Maybe someday we’ll have the collective emails of Michael Gelb.
Or even the collective emails of Bill Gates.
worked for Bill and even swapped a few emails with him. While I
don’t think any of those were worth publishing, some he sent to
all employees when we were just a small company were amazing. In
a short format, he could convey plenty of information in a very
strong, meaningful way.
That's interesting, but not surprising at all. You know I love
that aspect of email. On one hand, it's very nice to be able to
reflect on a letter and the process of writing it, sending it, waiting
for it to get there, waiting for the person to read it; there's
a certain rhythm to that, a gentility. On the other hand, it's kind
of cool to bang, bang on the keys, sending an instant message. That’s
different than talking because you have to write out your ideas—and
as a writer I like doing that.
Does that writing process give you time to improve the quality
of the message?
It improves quality and increases the volume of writing, too.
It may be possible to do more in less time at a higher quality and
have more fun but it won't—I guarantee this—it won't be possible
if you don't ask questions.
thing we know about the mind is that it responds to the questions
that we set before it. So, if we set limited questions, we'll only
get limited answers. If we step back and broaden the questions we're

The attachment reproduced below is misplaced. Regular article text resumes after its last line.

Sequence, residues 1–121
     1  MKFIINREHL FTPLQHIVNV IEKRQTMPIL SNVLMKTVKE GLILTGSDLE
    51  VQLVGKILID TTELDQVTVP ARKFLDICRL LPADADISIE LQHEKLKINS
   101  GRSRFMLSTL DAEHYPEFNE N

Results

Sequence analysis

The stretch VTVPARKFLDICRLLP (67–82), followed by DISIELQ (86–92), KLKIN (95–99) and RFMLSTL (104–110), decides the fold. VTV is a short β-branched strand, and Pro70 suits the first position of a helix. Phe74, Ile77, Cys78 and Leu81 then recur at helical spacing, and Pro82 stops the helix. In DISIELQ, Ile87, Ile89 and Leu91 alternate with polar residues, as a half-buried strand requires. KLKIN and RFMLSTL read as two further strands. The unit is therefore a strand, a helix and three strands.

asking, if we dare to dream of a workplace that makes a contribution
that brings out the best in human potential that's highly profitable,
then we have a hope of creating it.
Writing this past week, I was reflecting on the questions that
little kids ask. You know, those giant questions like, “Where does
the universe come from?” or “What’s weather?” These are big questions—not
little ones like adults ask like, “Why does this sink leak?” or
even the almost interesting, “Why isn't the grass green?”
and I was wondering why we stop asking those gigantic questions...
That’s at the heart of a critical point in the study of great
geniuses because they tend to be people who ask those child-like
questions throughout their adult lives. Leonardo da Vinci went on
asking questions. Sigmund Freud wrote a book on Leonardo and in
it, he points out that Leonardo continued to play as a child throughout
his adult life, baffling his contemporaries. He went on asking questions
just like the ones you're asking such as, “Why is the sky blue?”
Then he went out and actually figured it out! He just kept that
childlike, open innocence. Einstein said that the childlike, open,
imaginative, playful way of thinking was at the core of his approach.
He asked questions with that original sense of wonder and let his
mind wander, taking imaginary journeys into the universe on a beam
What really becomes a challenge is to be encouraging and not
judging in our replies so people can see that it's all right to
Very much so and the reason people don't ask is that they're
afraid of embarrassment. Nobody wants to ask a stupid or silly question